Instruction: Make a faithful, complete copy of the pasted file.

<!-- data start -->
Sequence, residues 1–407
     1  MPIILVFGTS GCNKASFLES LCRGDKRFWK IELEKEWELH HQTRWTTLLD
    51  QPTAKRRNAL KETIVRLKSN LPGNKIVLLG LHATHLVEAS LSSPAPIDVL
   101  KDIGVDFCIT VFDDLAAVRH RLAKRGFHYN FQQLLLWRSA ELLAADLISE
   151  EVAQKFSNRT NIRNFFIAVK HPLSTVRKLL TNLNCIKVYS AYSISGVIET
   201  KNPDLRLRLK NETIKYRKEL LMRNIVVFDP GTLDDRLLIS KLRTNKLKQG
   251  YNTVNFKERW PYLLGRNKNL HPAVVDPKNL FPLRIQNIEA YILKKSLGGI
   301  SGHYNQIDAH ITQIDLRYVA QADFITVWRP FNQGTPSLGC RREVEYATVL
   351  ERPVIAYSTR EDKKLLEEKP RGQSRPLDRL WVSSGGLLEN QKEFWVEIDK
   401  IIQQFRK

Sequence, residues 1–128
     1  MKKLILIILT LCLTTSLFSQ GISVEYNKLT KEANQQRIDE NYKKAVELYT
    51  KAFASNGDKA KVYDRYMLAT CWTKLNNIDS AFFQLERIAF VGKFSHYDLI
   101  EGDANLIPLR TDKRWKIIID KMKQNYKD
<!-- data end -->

Sequence, residues 1–407
     1  MPIILVFGTS GCNKASFLES LCRGDKRFWK IELEKEWELH HQTRWTTLLD
    51  QPTAKRRNAL KETIVRLKSN LPGNKIVLLG LHATHLVEAS LSSPAPIDVL
   101  KDIGVDFCIT VFDDLAAVRH RLAKRGFHYN FQQLLLWRSA ELLAADLISE
   151  EVAQKFSNRT NIRNFFIAVK HPLSTVRKLL TNLNCIKVYS AYSISGVIET
   201  KNPDLRLRLK NETIKYRKEL LMRNIVVFDP GTLDDRLLIS KLRTNKLKQG
   251  YNTVNFKERW PYLLGRNKNL HPAVVDPKNL FPLRIQNIEA YILKKSLGGI
   301  SGHYNQIDAH ITQIDLRYVA QADFITVWRP FNQGTPSLGC RREVEYATVL
   351  ERPVIAYSTR EDKKLLEEKP RGQSRPLDRL WVSSGGLLEN QKEFWVEIDK
   401  IIQQFRK

Sequence, residues 1–128
     1  MKKLILIILT LCLTTSLFSQ GISVEYNKLT KEANQQRIDE NYKKAVELYT
    51  KAFASNGDKA KVYDRYMLAT CWTKLNNIDS AFFQLERIAF VGKFSHYDLI
   101  EGDANLIPLR TDKRWKIIID KMKQNYKD